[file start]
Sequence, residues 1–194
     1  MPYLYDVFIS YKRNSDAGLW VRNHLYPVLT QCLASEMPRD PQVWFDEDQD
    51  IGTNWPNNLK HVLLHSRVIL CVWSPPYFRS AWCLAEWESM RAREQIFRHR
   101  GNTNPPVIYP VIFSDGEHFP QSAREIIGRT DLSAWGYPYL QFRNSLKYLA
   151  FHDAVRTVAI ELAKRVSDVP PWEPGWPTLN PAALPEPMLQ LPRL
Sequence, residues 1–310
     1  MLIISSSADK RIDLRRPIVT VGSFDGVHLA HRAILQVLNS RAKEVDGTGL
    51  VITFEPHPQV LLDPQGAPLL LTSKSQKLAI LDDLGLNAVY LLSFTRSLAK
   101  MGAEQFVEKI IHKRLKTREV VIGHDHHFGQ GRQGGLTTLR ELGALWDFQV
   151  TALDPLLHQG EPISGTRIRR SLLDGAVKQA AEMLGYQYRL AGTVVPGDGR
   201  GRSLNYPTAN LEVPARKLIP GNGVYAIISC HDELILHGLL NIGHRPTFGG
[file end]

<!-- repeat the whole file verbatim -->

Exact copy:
Sequence, residues 1–194
     1  MPYLYDVFIS YKRNSDAGLW VRNHLYPVLT QCLASEMPRD PQVWFDEDQD
    51  IGTNWPNNLK HVLLHSRVIL CVWSPPYFRS AWCLAEWESM RAREQIFRHR
   101  GNTNPPVIYP VIFSDGEHFP QSAREIIGRT DLSAWGYPYL QFRNSLKYLA
   151  FHDAVRTVAI ELAKRVSDVP PWEPGWPTLN PAALPEPMLQ LPRL
Sequence, residues 1–310
     1  MLIISSSADK RIDLRRPIVT VGSFDGVHLA HRAILQVLNS RAKEVDGTGL
    51  VITFEPHPQV LLDPQGAPLL LTSKSQKLAI LDDLGLNAVY LLSFTRSLAK
   101  MGAEQFVEKI IHKRLKTREV VIGHDHHFGQ GRQGGLTTLR ELGALWDFQV
   151  TALDPLLHQG EPISGTRIRR SLLDGAVKQA AEMLGYQYRL AGTVVPGDGR
   201  GRSLNYPTAN LEVPARKLIP GNGVYAIISC HDELILHGLL NIGHRPTFGG